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There is a formula to a good story. There is an introduction where we meet the characters, a catalyst for change where something happens to upset the balance we have just been introduced to – and the rest of the story is about the way that the characters struggle to restore balance and some kind of normalcy.

The characters will try and fail in order to drive the plot through further complications towards an exciting climax. But something’s gotta give…

In an ideal world, the problems will all be resolved. A new state of normalcy will reign – and everyone will learn something from their experiences.

“Never stray from the path”, “Don’t talk to strangers”, “Love the one you are with” are the types of themes or morals that might shine through in an ideal plot.

The thing with parenthood, though, is that you can have a story like this storm into your life within moments.

And things escalate.

And sometimes it’s hard to see exactly what you have learned from the experience.

And it’s also not often ‘big things’ that can complicate your day, but rather seemingly small things caused by bad timing and crossed wires.

Here is a real life example from today:

Life as Usual:

I was preparing the toddler’s breakfast and putting some books and activities out for the day while expressing so that I could go for a bush walk (multitasking mummy!) I had fed the baby and she was settling down for a nap.

Bad Stuff Happens:

Actually, in this case, it was ‘good stuff’ because Daddy came home from his night shift and all of us were excited to see him. I quickly told him about where I was up to with ‘the routine’, checked if it suited him for me to go and get some exercise, got the ok, grabbed the dog and left.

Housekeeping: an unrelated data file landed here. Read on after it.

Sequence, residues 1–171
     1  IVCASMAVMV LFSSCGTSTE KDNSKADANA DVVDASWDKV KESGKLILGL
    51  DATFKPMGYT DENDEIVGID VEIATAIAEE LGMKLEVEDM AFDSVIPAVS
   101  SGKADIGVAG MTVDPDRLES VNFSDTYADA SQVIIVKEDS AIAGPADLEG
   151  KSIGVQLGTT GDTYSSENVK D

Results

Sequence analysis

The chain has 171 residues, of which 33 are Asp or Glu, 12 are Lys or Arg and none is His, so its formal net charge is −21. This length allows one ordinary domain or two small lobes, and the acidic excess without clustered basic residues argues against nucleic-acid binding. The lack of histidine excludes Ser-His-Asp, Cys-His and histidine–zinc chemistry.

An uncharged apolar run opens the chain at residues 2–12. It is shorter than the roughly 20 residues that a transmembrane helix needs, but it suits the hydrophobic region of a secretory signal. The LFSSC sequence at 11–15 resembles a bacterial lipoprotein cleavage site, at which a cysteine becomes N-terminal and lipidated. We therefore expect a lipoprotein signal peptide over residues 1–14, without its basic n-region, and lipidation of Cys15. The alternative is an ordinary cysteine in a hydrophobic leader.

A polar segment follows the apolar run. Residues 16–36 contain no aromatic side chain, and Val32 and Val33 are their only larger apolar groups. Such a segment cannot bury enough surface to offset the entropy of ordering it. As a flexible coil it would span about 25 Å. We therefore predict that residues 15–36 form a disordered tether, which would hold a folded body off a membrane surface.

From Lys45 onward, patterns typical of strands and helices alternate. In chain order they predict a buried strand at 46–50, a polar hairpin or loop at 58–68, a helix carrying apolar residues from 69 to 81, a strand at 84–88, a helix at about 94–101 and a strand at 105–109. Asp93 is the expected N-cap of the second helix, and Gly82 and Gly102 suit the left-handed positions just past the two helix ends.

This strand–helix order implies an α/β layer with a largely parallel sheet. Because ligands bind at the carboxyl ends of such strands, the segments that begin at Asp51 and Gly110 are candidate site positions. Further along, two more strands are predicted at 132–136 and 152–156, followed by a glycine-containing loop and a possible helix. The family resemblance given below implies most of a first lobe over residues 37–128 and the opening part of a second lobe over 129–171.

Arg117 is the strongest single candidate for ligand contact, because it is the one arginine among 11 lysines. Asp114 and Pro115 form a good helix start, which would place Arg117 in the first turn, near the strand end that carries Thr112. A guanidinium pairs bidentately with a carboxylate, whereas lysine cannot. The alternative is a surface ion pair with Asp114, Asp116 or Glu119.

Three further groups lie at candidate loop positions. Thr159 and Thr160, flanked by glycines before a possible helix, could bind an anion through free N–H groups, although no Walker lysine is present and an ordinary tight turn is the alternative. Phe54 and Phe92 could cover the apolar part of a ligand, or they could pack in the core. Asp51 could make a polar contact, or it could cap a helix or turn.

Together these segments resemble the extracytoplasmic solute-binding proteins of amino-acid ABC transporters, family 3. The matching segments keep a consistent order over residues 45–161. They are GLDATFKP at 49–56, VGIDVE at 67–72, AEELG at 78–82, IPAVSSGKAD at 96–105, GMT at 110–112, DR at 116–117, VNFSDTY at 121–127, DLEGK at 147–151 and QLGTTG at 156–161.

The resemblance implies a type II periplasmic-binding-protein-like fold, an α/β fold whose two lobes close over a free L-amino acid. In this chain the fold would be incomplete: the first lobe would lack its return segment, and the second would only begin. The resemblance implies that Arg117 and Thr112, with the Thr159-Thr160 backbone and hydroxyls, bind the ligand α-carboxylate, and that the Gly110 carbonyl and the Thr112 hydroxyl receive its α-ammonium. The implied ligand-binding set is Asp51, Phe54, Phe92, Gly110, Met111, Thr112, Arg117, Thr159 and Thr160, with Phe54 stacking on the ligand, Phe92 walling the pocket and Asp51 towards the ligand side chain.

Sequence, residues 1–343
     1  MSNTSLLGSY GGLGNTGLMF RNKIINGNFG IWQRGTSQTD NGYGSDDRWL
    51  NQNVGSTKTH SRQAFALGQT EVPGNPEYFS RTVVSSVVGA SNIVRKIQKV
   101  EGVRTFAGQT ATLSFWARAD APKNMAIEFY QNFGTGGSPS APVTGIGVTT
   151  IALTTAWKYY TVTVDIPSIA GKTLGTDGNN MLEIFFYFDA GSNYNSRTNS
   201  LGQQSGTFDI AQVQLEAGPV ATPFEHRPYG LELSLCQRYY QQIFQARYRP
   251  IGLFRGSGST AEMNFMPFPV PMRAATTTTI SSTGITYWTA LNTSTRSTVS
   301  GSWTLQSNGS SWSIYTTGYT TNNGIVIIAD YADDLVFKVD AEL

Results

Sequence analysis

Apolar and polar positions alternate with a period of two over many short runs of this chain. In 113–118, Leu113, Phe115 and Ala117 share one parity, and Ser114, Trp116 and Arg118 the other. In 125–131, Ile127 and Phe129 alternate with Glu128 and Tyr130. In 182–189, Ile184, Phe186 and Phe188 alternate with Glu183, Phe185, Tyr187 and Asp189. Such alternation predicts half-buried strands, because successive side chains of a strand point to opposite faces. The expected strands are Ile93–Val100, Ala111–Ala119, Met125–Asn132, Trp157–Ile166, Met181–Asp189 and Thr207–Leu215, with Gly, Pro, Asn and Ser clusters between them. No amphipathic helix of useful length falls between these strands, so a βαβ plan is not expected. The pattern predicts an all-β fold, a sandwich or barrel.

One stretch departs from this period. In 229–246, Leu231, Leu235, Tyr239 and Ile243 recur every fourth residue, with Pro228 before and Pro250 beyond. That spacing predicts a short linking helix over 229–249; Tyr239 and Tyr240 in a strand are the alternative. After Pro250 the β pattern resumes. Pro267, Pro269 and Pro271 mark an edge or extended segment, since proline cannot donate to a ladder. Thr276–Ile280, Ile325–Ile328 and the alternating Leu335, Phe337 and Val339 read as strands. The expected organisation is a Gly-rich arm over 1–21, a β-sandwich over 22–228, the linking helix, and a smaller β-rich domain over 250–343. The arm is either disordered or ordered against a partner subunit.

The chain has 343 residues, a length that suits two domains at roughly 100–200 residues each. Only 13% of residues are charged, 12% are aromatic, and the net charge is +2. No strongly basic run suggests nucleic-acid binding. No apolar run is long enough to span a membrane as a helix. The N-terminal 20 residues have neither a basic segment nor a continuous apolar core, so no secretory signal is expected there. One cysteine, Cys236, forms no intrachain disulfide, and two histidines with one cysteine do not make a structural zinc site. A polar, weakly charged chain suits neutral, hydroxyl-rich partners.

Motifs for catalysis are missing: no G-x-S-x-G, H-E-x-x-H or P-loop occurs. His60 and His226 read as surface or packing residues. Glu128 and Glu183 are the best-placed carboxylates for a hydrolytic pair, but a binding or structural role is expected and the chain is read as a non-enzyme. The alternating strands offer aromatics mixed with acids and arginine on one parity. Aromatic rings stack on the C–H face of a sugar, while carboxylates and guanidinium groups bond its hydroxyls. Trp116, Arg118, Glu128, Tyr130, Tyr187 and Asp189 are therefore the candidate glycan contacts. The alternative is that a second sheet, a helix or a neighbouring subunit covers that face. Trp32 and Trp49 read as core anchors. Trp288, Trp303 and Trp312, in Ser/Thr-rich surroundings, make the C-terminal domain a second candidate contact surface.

For daddy, this was a bit of a shock. He had come straight home from one world of work into a domestic realm and he hadn’t even taken off his boots yet. The ‘bad stuff’ was beginning…

But we can deal with it:

The excitement of daddy coming home and her older brother squealing had unsettled the baby.

Daddy tried to feed her with expressed milk but she didn’t want it.

Toddler got stroppy because his sister was crying and getting all the attention.

Mess was made and tears began.

Daddy now had two screaming babies to deal with – and no mummy to help.

But we can deal with it:

He changed her nappy and put a DVD on to keep the toddler entertained. He tried to get her to settle again in her cot but this process took too long and baby was now overtired.

Whoa! Worse stuff happens: Toddler bounces on bed and climbs on daddy and upsets baby (who needs to sleep) even more. Baby still won’t take bottle. Baby is screaming. Toddler is crying. Kettle is whistling…

Oh No, now all is lost!:

Mummy returns from walk to over-tired screaming baby, crying toddler and upset grumpy daddy. Mummy struggles to resettle baby and is irritated that DVD is on and coffee is not made…

Tired persons argument starts (hard to say what it was about, but there was a bit of finger pointing and it just kept being about something).